- Pub. Date:
- Cambridge University Press
Communism was never a popular ideology in America, but the vehemence of American anticommunism varied from passive disdain in the 1920s to fervent hostility in the early years of the Cold War. Nothing so stimulated the white hot anticommunism of the late 1940s and 1950s more than a series of spy trials that revealed that American Communists had co-operated with Soviet espionage against the United States and had assisted in stealing the technical secrets of the atomic bomb as well as penetrating the US State Department, the Treasury Department, and the White House itself. This book, first published in 2006, reviews the major spy cases of the early Cold War (Hiss-Chambers, Rosenberg, Bentley, Gouzenko, Coplon, Amerasia and others) and the often-frustrating clashes between the exacting rules of the American criminal justice system and the requirements of effective counter-espionage.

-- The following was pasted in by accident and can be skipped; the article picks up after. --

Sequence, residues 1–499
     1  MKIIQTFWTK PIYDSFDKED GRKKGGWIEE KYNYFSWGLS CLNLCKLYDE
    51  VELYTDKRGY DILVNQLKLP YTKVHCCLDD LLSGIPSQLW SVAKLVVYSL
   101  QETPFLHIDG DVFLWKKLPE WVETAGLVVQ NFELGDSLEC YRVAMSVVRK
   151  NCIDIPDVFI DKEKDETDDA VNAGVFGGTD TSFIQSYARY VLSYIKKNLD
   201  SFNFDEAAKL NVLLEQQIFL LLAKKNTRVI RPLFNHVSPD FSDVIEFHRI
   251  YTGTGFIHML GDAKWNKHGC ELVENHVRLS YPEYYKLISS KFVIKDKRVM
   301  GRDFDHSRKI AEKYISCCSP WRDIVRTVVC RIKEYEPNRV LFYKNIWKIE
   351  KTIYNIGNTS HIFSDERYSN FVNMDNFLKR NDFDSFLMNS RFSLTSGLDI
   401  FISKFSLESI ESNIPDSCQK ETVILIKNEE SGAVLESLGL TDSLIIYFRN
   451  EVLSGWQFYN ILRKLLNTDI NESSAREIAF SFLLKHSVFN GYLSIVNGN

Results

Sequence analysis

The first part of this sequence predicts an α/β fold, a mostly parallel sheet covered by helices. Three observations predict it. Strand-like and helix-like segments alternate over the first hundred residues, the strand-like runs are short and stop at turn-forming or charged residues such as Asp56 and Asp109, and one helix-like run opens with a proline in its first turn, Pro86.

|Publisher:||Cambridge University Press|
|Series:||Cambridge Essential Histories Series|
|Edition description:||First Edition|
|Product dimensions:||5.98(w) x 8.98(h) x 0.75(d)|
Table of Contents
1. Introduction: early Cold War spy cases; 2. The precursors; 3. Elizabeth Bentley: the case of the blond spy queen; 4. The Alger Hiss - Whittaker Chambers case; 5. The atomic espionage cases; 6. Judith Coplon: the spy who got away with it; 7. The Soble-Soblen case: last of the early Cold War spy trials; 8. Conclusion: the decline of the ideological spy.